Monday, February 29, 2016
Ask JKM a Question: Star Trek Re-mastering?
A reader named Jason writes:
"I noticed in your Star Trek reviews this year that you haven't been using images from the digital re-mastering. Is that an oversight, or was it intentional?
Do you dislike the remastering of the series for some reason?"
Jason, that's a great question, and a point worth writing about.
It is true that I have, in my 50th anniversary Star Trek blogging, been seeking out title cards and original special effects shots, prior to the 2005 digital re-mastering.
I suppose that I made this choice because I want to honor the original presentation of Star Trek, which existed from 1966-2005, something like 39 years.
Those special effects held up remarkably well. for a long, long time. And then they stopped holding up.
I wanted to feature, for lack of a better description, the Star Trek that I grew up with. That's my reason for featuring shots from the original series, pre-2005.
Now, I like the re-mastering quite a bit. In virtually every way, the new fx have improved the series, giving the episodes a greater sense of scope, and smoothing out inconsistencies in visualizations.
For example, Tantalus in "Dagger of the Mind" is now no longer the lithium cracking station from "Where No Man Has Gone Before." It's a new design, and one that seems more appropriate for an underground, isolated penal colony.
Now, when we're supposed to see a Klingon ship, for example, we get a Klingon ship, instead of a glowing light ("Friday's Child.")
And an effects-heavy episode, like "The Doomsday Machine" is all the more effective now with improved special effects (and the subtracting of an AMT model kit from the final cut...).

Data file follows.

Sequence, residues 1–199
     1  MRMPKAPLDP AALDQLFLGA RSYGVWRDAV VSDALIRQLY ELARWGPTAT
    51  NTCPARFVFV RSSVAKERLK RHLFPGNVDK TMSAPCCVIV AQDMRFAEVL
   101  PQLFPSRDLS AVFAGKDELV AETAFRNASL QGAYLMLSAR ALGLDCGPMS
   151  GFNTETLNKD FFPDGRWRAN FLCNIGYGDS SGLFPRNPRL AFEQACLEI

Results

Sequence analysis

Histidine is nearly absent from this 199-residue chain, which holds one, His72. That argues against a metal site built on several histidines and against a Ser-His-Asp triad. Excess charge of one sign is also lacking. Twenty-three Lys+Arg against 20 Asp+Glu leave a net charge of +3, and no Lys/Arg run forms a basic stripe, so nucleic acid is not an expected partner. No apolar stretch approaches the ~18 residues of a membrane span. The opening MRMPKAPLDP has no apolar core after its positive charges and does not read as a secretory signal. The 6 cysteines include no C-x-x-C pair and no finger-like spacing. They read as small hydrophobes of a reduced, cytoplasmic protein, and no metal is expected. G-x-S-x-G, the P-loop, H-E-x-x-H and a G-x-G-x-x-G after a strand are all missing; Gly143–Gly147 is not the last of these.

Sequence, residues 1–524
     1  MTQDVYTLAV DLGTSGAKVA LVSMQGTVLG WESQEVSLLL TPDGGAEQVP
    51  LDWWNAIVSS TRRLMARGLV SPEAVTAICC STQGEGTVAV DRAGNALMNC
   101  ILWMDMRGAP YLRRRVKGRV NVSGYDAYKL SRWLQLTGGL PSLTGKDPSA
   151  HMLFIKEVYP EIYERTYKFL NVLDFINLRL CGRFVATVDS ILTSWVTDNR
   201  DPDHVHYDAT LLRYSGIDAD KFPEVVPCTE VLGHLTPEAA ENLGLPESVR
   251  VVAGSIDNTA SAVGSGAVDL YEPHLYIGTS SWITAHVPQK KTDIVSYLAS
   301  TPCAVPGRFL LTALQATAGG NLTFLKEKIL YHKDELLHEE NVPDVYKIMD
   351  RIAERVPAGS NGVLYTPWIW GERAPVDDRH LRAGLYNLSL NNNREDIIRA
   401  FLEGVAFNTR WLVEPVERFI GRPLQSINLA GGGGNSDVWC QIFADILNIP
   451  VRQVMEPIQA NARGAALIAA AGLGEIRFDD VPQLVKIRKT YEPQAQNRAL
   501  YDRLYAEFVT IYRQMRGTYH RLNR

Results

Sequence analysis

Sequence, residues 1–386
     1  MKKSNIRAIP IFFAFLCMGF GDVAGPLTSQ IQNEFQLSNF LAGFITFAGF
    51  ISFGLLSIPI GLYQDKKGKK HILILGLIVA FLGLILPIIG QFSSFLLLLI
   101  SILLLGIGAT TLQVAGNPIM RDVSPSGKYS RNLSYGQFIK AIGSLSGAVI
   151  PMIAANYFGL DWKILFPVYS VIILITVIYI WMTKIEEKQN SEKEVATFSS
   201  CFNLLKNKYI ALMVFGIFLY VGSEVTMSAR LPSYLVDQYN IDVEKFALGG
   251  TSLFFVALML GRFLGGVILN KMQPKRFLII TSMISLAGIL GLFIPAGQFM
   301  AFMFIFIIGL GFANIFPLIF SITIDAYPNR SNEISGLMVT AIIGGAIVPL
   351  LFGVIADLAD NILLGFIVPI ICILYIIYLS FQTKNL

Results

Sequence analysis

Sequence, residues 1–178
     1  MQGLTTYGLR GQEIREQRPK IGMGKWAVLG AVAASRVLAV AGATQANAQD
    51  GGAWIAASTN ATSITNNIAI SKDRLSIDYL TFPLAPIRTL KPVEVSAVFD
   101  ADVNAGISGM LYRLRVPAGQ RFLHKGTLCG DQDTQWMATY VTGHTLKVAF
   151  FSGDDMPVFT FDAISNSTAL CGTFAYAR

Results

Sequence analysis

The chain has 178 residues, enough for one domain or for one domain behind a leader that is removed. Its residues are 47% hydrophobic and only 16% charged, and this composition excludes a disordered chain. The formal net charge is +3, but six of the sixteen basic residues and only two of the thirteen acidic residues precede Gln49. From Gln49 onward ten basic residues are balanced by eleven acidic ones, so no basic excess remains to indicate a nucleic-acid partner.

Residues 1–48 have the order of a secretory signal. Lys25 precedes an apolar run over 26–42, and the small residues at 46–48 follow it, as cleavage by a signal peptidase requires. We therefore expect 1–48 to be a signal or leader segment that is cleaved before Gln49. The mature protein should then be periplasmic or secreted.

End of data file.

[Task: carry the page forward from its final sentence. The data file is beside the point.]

So, actually, I wholeheartedly endorse the digital re-mastering of Star Trek. I believe the new effects grant the series fresh life, especially for younger and new fans. Even on a basic level, the effects are improvements. The planets encountered by the Enterprise look more like we know planets should look.
By the same token, I suppose I see the remastering as an additional "chapter" to the legend, not the original chapter.
Like I said, I grew up with a whole different set of effects and visuals. Even though many of those effects and visuals have aged substantially, the original artists worked long and hard to create them under difficult conditions. They had to produce complex effects, and produce them on a deadline.
Their work shouldn't be entirely erased from history, I feel.
So by featuring "original" Trek, I'm not trying to diss the digital remastering. In fact, I will readily acknowledge that the digital remastering is superior in so many ways.
And yet, I grew up with analog Star Trek, and wanted, for this 50th anniversary, go back to that beginning, in terms of the images I choose. Perhaps I should offer, where it is warranted, side-by-side comparisons?
Don't forget to ask me your questions at Muirbusiness@yahoo.com